LSU–Texas A&M football rivalry
|First meeting||December 2, 1899|
|Latest meeting||November 24, 2016
LSU 54, Texas A&M 39
|Next meeting||November 25, 2017
at Baton Rouge, Louisiana
|All-time series||LSU leads, 32–20–3|
|Largest victory||Texas A&M, 63–9 (1914)|
|Longest win streak||LSU, 6 (1960–65, 2011–present)|
|Current win streak||LSU, 6 (2011–present)|
They have built good home-field advantages, and the series record reflects it: LSU is 24–10–1 in Baton Rouge; A&M is 7–4–1 in College Station. LSU is 4–3–1 at neutral sites, including wins in the two bowl games where they were opponents: the 1944 Orange Bowl in Miami and 2011 Cotton Bowl Classic in Arlington. From 1945–90, LSU went 21–6–1 against A&M. LSU has won the last six.
The teams first played at College Station in 1899. A&M won 52–0. It was the only game before they joined the SIAA.
They did not meet again until 1906 in Baton Rouge, the first of five games between 1906 and 1914 in which they were opponents in the SIAA. They played two more times in 1913 and 1914. A&M went 3–1–1. After 1914, A&M left to join the newly formed Southwest Conference (LSU participated in initial meetings to form it, but chose not to join.)
SEC vs. SWC
They played two neutral-site games in 1916 and 1917 before four straight games from 1920–23. Between 1916 and 1923, A&M went 3–2–1. The series resumed from 1942 to 1949 in the regular season. In addition to the regular season game in 1943, they met in the first bowl game of the rivalry. LSU won the January 1, 1944 Orange Bowl 19–14. LSU went 7–2, winning the last five.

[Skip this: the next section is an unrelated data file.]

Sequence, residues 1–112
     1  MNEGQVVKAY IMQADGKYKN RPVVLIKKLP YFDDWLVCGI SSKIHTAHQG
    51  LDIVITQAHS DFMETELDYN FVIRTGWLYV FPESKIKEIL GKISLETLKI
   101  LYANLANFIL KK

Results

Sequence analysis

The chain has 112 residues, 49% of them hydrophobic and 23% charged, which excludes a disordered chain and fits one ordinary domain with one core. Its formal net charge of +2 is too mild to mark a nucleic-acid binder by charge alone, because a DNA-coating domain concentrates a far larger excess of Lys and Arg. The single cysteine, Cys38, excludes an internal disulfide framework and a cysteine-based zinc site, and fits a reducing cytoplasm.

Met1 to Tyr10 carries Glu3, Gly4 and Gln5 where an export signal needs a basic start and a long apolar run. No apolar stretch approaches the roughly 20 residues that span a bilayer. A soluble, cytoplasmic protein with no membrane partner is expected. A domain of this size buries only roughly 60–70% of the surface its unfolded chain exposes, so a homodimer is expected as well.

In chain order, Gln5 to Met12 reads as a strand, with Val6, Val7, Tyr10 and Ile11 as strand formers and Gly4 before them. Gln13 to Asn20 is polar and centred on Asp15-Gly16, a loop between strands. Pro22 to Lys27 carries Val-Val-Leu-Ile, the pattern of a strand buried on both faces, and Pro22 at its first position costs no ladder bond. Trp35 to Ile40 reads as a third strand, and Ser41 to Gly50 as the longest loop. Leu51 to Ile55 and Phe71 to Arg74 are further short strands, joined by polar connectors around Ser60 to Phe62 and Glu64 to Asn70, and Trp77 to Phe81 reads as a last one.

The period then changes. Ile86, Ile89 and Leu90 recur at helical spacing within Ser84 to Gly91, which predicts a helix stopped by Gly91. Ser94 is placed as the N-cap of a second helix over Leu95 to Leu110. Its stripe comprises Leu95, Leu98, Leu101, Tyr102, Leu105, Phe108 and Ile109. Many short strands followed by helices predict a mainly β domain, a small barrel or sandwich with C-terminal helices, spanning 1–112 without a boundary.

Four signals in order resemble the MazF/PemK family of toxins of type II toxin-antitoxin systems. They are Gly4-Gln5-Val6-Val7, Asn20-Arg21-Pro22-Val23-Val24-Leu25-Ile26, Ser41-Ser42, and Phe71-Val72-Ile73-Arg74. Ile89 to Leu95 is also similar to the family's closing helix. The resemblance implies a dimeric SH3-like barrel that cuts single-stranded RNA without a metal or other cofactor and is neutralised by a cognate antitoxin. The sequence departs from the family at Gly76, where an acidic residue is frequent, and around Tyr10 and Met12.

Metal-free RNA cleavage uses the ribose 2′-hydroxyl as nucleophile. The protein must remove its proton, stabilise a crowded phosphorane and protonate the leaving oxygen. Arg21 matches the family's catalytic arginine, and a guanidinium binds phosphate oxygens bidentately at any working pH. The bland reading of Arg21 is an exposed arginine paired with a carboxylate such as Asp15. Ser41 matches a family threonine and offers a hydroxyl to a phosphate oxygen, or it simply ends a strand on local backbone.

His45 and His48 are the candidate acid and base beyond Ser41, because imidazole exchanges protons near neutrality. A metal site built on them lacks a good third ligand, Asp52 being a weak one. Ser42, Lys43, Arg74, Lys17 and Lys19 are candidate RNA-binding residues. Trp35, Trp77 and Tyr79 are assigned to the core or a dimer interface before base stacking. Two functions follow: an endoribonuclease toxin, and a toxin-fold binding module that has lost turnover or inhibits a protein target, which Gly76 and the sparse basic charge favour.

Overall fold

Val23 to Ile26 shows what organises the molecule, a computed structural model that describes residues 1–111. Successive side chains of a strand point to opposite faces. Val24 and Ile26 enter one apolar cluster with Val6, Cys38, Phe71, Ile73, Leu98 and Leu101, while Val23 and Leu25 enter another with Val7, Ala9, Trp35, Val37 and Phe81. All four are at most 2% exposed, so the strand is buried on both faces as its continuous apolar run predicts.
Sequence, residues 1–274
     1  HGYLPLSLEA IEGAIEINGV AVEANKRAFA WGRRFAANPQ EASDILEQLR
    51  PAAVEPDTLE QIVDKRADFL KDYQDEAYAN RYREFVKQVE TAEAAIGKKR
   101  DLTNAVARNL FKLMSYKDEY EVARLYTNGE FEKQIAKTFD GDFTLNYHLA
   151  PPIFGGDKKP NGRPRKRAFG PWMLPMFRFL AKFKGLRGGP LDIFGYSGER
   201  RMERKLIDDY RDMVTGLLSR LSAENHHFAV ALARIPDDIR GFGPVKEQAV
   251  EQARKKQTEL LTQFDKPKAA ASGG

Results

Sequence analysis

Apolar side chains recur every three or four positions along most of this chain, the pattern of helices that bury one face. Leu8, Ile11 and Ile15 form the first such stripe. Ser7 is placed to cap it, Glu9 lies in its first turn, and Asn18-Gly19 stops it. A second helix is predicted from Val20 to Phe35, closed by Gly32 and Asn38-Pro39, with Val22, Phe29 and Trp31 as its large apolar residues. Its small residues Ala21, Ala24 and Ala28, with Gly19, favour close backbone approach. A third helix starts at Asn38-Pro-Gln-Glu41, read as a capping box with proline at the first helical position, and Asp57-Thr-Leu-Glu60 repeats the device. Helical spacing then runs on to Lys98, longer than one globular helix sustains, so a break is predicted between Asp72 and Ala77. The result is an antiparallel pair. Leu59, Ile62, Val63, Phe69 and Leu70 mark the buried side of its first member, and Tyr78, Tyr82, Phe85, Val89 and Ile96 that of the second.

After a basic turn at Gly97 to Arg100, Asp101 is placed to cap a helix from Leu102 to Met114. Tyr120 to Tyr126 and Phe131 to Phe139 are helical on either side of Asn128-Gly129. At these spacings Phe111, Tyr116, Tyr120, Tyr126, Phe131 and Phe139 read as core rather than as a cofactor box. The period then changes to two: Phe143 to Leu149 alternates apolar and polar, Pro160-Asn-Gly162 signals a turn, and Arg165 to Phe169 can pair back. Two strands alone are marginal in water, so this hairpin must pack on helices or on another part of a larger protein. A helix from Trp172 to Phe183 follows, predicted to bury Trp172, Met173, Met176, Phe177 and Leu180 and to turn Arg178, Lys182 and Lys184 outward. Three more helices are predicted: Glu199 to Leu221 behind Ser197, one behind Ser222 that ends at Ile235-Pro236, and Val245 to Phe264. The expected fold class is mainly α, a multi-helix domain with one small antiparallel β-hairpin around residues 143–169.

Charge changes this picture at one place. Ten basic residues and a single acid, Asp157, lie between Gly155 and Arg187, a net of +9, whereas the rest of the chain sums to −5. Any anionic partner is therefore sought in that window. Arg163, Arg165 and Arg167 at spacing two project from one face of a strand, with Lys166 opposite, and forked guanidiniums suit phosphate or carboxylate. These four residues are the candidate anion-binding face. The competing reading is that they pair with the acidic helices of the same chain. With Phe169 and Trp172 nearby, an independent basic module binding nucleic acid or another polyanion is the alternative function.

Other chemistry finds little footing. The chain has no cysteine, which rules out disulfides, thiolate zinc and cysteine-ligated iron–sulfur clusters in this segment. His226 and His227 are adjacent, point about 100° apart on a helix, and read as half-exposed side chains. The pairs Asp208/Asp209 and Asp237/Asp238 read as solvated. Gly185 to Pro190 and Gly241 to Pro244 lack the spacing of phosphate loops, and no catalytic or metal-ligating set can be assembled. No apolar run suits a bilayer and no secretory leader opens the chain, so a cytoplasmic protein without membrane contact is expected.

They met again in 1955 and 1956, with A&M taking both games. They were led by John David Crow, their first Heisman Trophy winner. They played annually from 1960–75, always in Baton Rouge, since A&M could receive a larger gate by playing at Tiger Stadium, which at the time had a much larger seating capacity than Kyle Field. This was the longest consecutive games played between the two teams in the series history. LSU went 12–3–1. After 1961, LSU took the lead in the series; LSU still leads the series today. A&M's 1970 win had a 79-yard touchdown pass with 13 seconds left to upset LSU (who would win the SEC title). A&M did not win another game that year.
The series resumed from 1986–95, with the teams alternating between Baton Rouge and College Station. A&M went 6–4, winning the last five. Four were over LSU head coach Curley Hallman, a former Aggie. R. C. Slocum, a native Louisianian, was A&M's head coach for the last seven.
SEC vs. Big 12
They did not meet again until January 7, 2011, in the Cotton Bowl Classic. It was the only meeting during the Aggies' tenure in the Big 12 Conference, and the second time in a bowl game. In 2011, the Cotton Bowl celebrated its 75th Anniversary and this was the first Cotton Bowl Classic to be played in prime time in the highly anticipated matchup. LSU beat Texas A&M in the Cotton Bowl 41–24 at Arlington, Texas.
The series resumed in 2012, and for the first time since the SIAA days they would be conference opponents, when A&M joined the SEC and was placed in the West Division with LSU. Since joining the conference, LSU is the only team A&M has never defeated in the SEC West.
In 2012, A&M's Johnny Manziel won the Heisman. LSU's defense caused him to have his worst performance of the year, which included 0 touchdowns and 3 interceptions. #6 LSU won 24–19 at College Station in the first SEC game. In 2013, #22 LSU won 34–10, A&M's first SEC road loss.
In 2014, they played on Thanksgiving night for the first time in the series history. The last time LSU played on Thanksgiving was 1973. LSU won 23–17 in College Station. The two teams played again on Thanksgiving, two years later (in College Station); LSU won 54–39.
|LSU victories||Texas A&M victories||Ties|